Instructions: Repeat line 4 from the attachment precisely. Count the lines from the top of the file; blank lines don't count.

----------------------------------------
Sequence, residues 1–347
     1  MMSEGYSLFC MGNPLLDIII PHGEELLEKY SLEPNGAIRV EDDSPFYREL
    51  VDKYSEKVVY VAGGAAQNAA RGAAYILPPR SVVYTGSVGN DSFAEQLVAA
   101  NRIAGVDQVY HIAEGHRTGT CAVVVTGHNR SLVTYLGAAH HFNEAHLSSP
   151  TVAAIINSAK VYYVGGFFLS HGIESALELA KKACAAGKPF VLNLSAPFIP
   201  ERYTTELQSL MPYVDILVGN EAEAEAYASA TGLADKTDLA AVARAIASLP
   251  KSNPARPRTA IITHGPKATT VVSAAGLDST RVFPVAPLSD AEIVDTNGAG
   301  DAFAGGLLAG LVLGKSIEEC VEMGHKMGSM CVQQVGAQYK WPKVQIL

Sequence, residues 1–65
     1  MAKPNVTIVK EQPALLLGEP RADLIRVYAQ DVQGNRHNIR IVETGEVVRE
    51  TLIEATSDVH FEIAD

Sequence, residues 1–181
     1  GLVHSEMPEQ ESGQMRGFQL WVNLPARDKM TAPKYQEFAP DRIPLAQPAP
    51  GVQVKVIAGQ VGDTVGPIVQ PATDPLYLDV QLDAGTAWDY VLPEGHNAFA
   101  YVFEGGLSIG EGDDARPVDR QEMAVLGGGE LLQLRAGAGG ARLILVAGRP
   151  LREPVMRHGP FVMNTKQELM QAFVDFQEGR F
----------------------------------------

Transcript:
   101  NRIAGVDQVY HIAEGHRTGT CAVVVTGHNR SLVTYLGAAH HFNEAHLSSP